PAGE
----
That technology, it helps bring Earth up into the spaceship with us.

Lastly I asked about whether any conveniences of modern consumer tech had made it more bearable to spend long periods of time in space, for instance the fairly recent capability to do video calls. McClain was quick to answer in the positive.

“What you said is exactly it. Imagine if we were in this pandemic and weren’t able to video chat — we’re already feeling disconnected from our loved ones. And you know, feeling disconnected is the same whether you’re on the other side of the country or you’re in space. So the ability for us to be able to see our parents’ faces on the screen and talk to them, it really does wonders,” she said. “And it’s not just morale. You know, you start looking at six month, twelve month missions, it’s really maintaining the psyche, maintaining human mental health. So that technology, it helps bring Earth up into the spaceship with us.”

McClain is one of 18 astronauts who will take part in the missions leading up to the planned Moon landing. You can meet the rest here.

NASA and ESA have released the closest ever images of the Sun, and they’re mesmerizing

NASA and ESA have released the closest ever images of the Sun, and they're mesmerizing

NASA and the European Space Agency have released the amazing first images taken by the Solar Orbiter — including the closest pictures ever taken of our nearest star.

Launched on February 9, the Solar Orbiter is a joint project by NASA and the European Space Agency. Carrying six telescopes and four other instruments to monitor the surrounding environment, the spacecraft’s mission is to study the Sun, taking measurements to help scientists understand it. The Solar Orbiter completed its first close pass of the star in June, orbiting 77 million kilometers away — about halfway between us and the Sun.  Read more…

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Take a detailed video tour of the International Space Station with your new space dads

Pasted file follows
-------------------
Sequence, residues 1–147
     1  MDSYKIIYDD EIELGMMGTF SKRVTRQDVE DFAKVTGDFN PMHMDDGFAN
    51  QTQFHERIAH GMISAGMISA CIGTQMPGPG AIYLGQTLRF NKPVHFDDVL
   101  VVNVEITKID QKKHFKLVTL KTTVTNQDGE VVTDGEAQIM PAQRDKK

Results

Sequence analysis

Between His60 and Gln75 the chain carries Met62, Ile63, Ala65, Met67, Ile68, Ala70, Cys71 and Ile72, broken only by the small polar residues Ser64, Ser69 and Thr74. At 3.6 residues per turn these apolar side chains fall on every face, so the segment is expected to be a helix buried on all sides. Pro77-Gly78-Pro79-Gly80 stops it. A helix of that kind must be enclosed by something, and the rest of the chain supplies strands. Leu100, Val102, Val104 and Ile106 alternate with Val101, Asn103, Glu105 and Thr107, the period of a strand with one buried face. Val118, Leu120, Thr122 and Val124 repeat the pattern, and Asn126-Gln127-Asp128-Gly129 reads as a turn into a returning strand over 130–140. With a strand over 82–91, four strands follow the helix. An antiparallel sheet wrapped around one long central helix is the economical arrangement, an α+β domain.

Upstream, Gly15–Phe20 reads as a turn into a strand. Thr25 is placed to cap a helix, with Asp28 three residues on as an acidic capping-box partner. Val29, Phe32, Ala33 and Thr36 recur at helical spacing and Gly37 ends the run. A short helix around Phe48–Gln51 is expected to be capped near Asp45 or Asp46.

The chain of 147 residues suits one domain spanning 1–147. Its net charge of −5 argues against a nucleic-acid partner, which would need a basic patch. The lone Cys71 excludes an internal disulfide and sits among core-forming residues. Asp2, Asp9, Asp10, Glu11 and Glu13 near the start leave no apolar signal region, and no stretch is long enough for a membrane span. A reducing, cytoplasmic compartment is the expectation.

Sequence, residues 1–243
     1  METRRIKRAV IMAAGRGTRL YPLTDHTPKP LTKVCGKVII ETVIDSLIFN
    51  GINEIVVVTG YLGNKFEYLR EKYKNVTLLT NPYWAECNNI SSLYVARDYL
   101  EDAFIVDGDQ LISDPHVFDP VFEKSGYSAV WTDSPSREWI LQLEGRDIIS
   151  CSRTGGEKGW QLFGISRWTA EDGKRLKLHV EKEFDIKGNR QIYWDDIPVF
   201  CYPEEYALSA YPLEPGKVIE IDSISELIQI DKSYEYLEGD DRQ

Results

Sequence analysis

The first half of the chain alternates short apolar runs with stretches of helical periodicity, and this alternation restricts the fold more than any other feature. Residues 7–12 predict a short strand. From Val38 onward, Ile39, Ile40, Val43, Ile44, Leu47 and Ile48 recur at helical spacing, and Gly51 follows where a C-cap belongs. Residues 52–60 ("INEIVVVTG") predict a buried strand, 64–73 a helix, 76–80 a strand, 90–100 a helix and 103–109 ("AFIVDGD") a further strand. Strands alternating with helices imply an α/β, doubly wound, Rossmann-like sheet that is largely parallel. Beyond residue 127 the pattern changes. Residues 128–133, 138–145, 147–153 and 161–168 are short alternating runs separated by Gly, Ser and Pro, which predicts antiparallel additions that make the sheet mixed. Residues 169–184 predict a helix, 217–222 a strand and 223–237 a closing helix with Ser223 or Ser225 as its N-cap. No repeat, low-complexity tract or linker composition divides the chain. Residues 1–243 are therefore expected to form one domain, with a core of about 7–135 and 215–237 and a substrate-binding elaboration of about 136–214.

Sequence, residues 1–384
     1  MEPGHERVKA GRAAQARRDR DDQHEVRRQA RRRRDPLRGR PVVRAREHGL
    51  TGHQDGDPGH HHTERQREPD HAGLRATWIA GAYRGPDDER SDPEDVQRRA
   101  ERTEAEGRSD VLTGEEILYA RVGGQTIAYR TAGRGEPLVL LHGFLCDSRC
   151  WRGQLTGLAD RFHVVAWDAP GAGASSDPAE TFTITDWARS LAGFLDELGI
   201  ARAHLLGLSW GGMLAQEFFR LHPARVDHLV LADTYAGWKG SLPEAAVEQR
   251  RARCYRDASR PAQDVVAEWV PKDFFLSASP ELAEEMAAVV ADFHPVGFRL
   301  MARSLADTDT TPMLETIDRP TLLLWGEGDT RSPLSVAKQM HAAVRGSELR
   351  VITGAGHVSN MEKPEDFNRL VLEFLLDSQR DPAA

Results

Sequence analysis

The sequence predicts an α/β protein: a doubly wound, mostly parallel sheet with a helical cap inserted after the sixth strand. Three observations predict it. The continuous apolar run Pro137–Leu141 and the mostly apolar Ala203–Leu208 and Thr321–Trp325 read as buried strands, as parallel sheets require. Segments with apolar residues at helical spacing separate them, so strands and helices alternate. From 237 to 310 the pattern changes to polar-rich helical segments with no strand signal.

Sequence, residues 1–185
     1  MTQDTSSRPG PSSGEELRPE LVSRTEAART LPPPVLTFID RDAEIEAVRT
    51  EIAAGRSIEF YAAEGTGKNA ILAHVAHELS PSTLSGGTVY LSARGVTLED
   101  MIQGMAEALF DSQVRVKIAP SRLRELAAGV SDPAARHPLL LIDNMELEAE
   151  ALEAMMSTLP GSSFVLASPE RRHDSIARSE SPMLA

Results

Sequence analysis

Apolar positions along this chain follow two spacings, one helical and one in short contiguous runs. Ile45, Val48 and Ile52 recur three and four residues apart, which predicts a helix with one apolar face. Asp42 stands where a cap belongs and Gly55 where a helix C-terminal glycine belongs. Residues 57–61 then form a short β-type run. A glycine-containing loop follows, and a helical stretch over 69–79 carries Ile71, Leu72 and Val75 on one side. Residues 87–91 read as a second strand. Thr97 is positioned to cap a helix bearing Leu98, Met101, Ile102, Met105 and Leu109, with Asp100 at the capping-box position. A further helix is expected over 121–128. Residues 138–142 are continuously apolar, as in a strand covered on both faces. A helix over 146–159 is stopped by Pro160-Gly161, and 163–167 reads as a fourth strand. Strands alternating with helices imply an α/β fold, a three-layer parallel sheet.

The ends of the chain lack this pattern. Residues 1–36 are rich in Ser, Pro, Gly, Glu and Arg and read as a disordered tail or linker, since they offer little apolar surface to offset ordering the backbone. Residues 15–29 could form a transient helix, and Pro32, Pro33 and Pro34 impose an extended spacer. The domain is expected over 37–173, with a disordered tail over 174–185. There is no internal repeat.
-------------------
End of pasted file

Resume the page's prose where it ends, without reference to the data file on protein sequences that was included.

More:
Take a detailed video tour of the International Space Station with your new space dads

2020 marks 20 years of continuous human presence on the International Space Station, and it has evolved significantly over the decades. On Sunday, the European Space Agency released an ISS tour video hosted by ESA astronaut Luca Parmitano and NASA astronaut Drew Morgan, who point out every detail like a pair of house proud dads FaceTiming their kids.

Filmed around New Year’s Day, this is the first time a tour of the ISS has been shot with two astronauts presenting, as well as the first time it’s been done in one take. The hour-long video isn’t one continuous shot though, switching between the two cameras Parmitano and Morgan used to film. Read more…

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17-year-old discovers a planet on third day of NASA internship

17-year-old discovers a planet on third day of NASA internship

Gen Z’s intergalactic takeover has begun. 

On Monday, NASA announced that its Transiting Exoplanet Survey Satellite (TESS), which captures images to be uploaded to the Planet Hunters TESS citizen science project, had evidence of a new planet. The first circumbinary planet captured by TESS, “TOI 1338 b” as it is now known orbits two stars in the constellation Pictor — approximately 1,300 light-year away from Earth.  

The person responsible for the new discovery? 17-year-old intern Wolf Cukier. 

In summer 2019, Cukier was tasked with examining “variations in star brightness” in images captured by TESS. In a NASA press release, Goddard researcher Veselin Kostov explained that the human eye is better equipped than an algorithm when it comes to detecting subtle changes and patterns — so, a perfect job for a first-week intern.  Read more…

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Boeing’s Starliner crew spacecraft will attempt a landing on Sunday

Boeing launched its Starliner CST-100 commercial crew spacecraft to the International Space Station (ISS) for the first time on Friday morning in an uncrewed test, and while an error with the onboard mission clock meant that the Starliner didn’t reach its target orbit as intended and subsequently didn’t have enough fuel on board to actually meet up and dock with the ISS, it’s still doing as much testing as it can to complete other mission objectives. One of those objectives is landing the Starliner spacecraft, and Boeing and NASA have scheduled that landing for Sunday at 7:57 AM EST (4:57 AM PST).

The landing will take place at White Sands, New Mexico, and will involve a controlled de-orbit and descent of the Starliner capsule. The spacecraft will begin its de-orbit burn at 7:23 AM EST if all goes to plan, and NASA will begin a live broadcast of the entire landing attempt starting at 6:45 AM EST (3:45 AM PST) on Sunday morning if you want to tune in to the stream embedded below.